Off the Grid
= Off The Grid is a 2012 Documentary by Dutch director Alexander Oey.
Video via https://www.youtube.com/watch?v=Y5kLWqwPvn0
Alexander Oey traveled throughout the United States and filmed communities who are taking matters into their own hands. 50 of the 46 U.S. states are nearly bankrupt. Over 13 million Americans are unemployed. More than 49 million people live below the poverty line.
How was it able to come that far? People seek for their own Utopia outside the financial system and government. Are these communities the right path and solution? Have they found effective alternatives, while governments worldwide are heading to bankruptcy?
From an Interview by Channah Bakker:
"According to Dutch film director Alexander Oey a big bang is needed for things to change. “Perhaps the current financial crisis is this big bang. People are starting to see the need of another way of life. Once life will get heavier, we will give up our luxury and we will have to survive on our own. Eventually people will search for alternatives and smaller economies, which are customized and therefore work better, will arise.”
Alexander Oey made the documentary Off the Grid for the Dutch Buddhist Broadcasting. Saturday the 10th of March his documentary was premiered in Amsterdam. In this film Oey follows Americans who have started to live in an alternative way. Some live out of necessity together in tents, others have deliberately chosen to leave their old lives behind them and try as much as possible to live outside the mighty system. One reason is fear for the future, especially for their children. They are visibly afraid of the current system that could have the consequence that their children have to live in poverty in the future. Without opportunities that they themselves once had. “There also is anger among many Americans.” Oey says. “Wall Street is bailed out with tax money which is provided by the common people. This is something that many Americans find hard to accept.”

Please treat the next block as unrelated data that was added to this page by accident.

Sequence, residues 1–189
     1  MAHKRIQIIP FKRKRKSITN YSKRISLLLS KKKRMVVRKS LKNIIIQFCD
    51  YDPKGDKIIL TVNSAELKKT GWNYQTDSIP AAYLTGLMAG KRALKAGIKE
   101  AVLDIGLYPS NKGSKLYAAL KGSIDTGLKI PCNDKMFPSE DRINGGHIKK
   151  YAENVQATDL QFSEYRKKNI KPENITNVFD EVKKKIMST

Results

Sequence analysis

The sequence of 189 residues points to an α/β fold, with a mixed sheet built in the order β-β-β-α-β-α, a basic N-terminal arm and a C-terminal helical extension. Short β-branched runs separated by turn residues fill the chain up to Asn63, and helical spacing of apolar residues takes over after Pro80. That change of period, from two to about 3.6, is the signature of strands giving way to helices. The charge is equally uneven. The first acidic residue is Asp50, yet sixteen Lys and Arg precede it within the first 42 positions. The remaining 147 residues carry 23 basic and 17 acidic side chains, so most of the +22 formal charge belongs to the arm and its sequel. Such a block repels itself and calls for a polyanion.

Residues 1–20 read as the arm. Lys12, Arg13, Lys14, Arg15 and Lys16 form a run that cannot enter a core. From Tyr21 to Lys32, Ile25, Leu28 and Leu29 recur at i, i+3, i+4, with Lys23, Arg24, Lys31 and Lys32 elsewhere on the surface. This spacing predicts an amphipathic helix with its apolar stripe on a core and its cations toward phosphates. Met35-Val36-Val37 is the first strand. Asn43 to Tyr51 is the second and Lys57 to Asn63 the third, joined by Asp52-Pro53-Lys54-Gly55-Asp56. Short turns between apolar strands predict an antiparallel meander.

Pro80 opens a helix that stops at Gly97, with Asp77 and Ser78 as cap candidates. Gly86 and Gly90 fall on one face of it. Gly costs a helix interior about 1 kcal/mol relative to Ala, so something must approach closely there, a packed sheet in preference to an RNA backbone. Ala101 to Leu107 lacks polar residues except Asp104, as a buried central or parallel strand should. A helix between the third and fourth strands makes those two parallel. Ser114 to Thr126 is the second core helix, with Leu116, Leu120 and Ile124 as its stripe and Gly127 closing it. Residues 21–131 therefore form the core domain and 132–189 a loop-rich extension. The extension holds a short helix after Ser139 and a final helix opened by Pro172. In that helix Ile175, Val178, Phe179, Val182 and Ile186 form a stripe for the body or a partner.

Originally, the production company Submarine and the Buddhist Broadcasting had the idea to make the journey of the American writer Jack Kerouac. They would follow Americans in their quest of the unknown. Jack Kerouac wrote in the 50s of the last century the cult classic On the Road, in which he describes his travels across the United States and eventually Mexico. The Americans in Kerouac’s book formed the Beat Generation in the 50s. They stood at the cradle of the hippie movement. For Off the Grid Alexander Oey would travel the route of On the Road and he would interview the Beat Generation. This plan suddenly changed; Oey: “The now 80-year-olds weren’t enthusiastic about this. The original plan of the film changed gradually and Off the Grid became a journey through America along people who are trying to find new ways of living together.”
Alternative forms of living and working are currently booming. Not only in America but also in the Netherlands woolly socks are no longer just for ‘geeks’, but also for the yuppies. Green is hip. Organic supermarkets and restaurants are booming and people search their salvation in yoga and meditation, because originality and authenticity are more important than ever. This is perhaps because the present life is no longer predictable. “The securities that we thought we had, like a good roof and enough means to have a fine secured life, proved to be false certainties.” Oey says. “In response, many people want to go back to basics, back to the nature, our origin.”